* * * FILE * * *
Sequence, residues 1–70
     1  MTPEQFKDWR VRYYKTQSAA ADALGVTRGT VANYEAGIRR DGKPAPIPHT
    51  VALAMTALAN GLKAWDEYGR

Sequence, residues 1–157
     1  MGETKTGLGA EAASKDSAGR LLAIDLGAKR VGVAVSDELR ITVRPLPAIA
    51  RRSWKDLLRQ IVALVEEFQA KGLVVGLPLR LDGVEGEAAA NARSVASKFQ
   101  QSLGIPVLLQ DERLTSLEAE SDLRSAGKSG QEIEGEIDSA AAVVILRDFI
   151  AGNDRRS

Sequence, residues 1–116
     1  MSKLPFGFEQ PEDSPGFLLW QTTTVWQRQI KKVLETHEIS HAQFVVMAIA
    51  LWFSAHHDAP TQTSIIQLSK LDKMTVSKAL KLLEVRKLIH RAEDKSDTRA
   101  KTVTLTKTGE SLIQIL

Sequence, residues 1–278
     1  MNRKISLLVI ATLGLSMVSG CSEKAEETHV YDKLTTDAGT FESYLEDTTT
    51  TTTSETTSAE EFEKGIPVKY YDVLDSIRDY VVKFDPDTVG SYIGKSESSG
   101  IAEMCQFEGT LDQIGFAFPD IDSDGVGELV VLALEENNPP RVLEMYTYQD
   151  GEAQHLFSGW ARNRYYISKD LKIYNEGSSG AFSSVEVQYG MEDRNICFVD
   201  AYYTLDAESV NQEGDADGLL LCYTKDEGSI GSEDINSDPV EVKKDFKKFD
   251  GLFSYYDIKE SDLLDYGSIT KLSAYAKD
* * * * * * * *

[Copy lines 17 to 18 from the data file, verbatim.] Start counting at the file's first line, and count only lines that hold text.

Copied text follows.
   151  GEAQHLFSGW ARNRYYISKD LKIYNEGSSG AFSSVEVQYG MEDRNICFVD
   201  AYYTLDAESV NQEGDADGLL LCYTKDEGSI GSEDINSDPV EVKKDFKKFD